SheKnows book review: The Good Father by Noah Hawley
The Good Father is a beautifully devastating account of parenting and defending a child you no longer know.
This is how it happens. There is nothing and then, suddenly, something. A family making dinner, talking, laughing, and then the outside world muscles in. Page 15
For Dr. Paul Allen, life is good. As the Chief of Rheumatology at a prestigious hospital he is at the top of his game... career-wise, and he has a lovely wife and two wonderful twin sons. However, life was not always so idyllic. His relationship with his first wife was a disaster. They married only because she was pregnant and divorced before their son Daniel was out of elementary school. Paul loves his first son, but living across the country from one another, and Paul's busy work and family life, have kept the two from ever becoming close. In fact, it isn't entirely clear how much Paul even thinks about Daniel from day to day.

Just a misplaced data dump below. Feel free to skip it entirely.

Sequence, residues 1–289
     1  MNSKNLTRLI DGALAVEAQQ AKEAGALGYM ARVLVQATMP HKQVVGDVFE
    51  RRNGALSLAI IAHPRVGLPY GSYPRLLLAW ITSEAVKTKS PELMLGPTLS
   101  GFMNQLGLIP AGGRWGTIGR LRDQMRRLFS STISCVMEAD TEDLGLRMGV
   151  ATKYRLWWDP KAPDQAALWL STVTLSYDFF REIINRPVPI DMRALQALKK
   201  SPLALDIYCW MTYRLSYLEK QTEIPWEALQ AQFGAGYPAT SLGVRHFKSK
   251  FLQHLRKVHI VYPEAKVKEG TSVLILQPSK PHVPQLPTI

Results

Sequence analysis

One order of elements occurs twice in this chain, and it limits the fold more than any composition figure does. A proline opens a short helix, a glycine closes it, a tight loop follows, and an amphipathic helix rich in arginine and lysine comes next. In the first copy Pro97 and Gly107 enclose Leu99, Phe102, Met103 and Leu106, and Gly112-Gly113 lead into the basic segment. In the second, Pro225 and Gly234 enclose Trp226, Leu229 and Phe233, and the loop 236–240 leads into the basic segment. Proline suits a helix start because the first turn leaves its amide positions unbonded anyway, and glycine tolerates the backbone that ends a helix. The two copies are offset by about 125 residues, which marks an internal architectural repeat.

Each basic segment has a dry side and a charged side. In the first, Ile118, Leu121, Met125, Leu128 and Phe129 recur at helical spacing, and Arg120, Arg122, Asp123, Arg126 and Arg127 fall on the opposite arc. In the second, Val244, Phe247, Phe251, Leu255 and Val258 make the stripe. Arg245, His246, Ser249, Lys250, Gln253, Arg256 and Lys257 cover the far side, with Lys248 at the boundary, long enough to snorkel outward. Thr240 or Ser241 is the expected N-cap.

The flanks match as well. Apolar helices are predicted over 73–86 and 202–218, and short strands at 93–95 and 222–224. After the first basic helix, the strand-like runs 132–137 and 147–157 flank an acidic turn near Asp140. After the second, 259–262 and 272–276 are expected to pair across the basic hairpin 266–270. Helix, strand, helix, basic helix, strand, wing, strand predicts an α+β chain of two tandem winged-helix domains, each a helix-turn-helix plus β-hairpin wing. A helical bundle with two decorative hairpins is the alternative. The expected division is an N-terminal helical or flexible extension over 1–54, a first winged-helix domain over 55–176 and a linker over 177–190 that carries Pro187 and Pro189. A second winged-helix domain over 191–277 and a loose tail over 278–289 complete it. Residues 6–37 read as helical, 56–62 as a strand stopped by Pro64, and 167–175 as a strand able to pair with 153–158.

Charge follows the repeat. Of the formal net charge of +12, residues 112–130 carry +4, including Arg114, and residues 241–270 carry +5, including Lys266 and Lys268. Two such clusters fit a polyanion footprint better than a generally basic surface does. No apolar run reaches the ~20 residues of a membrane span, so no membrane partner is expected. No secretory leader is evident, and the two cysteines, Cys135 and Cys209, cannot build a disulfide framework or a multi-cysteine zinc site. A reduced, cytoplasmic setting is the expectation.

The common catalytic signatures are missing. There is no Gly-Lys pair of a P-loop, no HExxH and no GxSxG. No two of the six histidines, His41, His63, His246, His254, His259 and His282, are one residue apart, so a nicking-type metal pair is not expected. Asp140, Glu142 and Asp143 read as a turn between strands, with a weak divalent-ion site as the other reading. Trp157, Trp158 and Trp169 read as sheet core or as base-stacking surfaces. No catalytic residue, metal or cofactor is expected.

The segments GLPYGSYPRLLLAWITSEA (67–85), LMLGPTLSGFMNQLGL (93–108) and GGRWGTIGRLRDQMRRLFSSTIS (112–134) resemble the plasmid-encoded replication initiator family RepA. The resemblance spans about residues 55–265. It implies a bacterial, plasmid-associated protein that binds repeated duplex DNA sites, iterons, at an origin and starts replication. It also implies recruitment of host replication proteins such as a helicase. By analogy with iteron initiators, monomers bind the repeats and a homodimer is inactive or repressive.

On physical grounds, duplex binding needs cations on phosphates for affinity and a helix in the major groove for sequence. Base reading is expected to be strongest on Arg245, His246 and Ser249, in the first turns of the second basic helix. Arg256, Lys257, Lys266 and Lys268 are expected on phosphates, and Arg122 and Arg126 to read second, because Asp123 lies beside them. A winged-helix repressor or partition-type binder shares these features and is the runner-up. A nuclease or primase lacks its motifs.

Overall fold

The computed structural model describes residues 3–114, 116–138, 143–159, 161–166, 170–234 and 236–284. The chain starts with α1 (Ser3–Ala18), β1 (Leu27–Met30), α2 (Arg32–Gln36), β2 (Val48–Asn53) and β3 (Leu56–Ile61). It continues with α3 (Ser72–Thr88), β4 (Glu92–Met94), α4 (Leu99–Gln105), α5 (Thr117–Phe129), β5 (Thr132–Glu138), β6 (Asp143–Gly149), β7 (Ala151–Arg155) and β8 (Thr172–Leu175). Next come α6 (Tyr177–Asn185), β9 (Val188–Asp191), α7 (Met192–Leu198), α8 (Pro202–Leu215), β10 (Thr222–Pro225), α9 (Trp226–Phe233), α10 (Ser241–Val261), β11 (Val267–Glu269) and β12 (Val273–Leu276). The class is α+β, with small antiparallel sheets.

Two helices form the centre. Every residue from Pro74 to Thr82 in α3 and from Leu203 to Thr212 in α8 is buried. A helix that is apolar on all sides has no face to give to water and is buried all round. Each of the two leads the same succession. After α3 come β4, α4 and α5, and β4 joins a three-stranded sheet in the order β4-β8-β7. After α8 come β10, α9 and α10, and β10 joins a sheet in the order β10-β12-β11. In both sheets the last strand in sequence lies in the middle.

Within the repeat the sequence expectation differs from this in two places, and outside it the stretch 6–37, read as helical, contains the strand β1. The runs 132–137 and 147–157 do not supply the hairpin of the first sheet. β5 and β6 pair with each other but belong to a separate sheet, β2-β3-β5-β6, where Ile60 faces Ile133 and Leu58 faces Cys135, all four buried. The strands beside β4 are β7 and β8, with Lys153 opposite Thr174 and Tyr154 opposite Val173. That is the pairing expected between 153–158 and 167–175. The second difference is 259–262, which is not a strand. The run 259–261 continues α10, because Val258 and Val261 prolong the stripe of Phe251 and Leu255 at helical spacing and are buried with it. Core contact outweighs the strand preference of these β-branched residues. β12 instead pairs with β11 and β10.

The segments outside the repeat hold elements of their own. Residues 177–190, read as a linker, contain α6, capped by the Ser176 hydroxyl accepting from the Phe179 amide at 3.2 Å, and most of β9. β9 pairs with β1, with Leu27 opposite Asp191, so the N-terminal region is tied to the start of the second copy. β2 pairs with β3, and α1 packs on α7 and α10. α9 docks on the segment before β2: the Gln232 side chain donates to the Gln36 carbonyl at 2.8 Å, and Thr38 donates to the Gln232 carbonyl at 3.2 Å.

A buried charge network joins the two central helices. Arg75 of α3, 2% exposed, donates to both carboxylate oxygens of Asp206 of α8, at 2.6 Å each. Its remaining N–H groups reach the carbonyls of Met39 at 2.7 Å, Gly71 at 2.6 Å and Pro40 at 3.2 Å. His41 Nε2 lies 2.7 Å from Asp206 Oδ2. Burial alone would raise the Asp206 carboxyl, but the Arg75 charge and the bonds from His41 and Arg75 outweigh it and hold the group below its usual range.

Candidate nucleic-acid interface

All of this changes one summer night. Paul and his wife are watching a televised campaign event for a young, charismatic presidential candidate when a shot rings out at the rally and the candidate falls. Before Paul has truly grasped what has happened, there are FBI agents at his door to take him away. Daniel, now calling himself Carter Allen Cash, has been identified as the shooter. Suddenly Daniel has gone from the back of Paul's mind to the forefront of his every thought.
Unable to believe that the boy he knew committed this act, Paul dives deep into a quest to clear his son's name. A quest which involves ferreting out details about the last year of Daniel's life — a year spent roaming the country and even working for the candidate's campaign at one point — and examining case studies of other political assassins, trying to make the pieces of the puzzle fit together.
The Good Father is an enormously affecting and engrossing story about parenthood and the ways we can never truly know one another. Hawley weaves together the disparate threads of his narrative beautifully, keeping the story flowing and maintaining a level of emotion that will keep you reading, without completely draining you.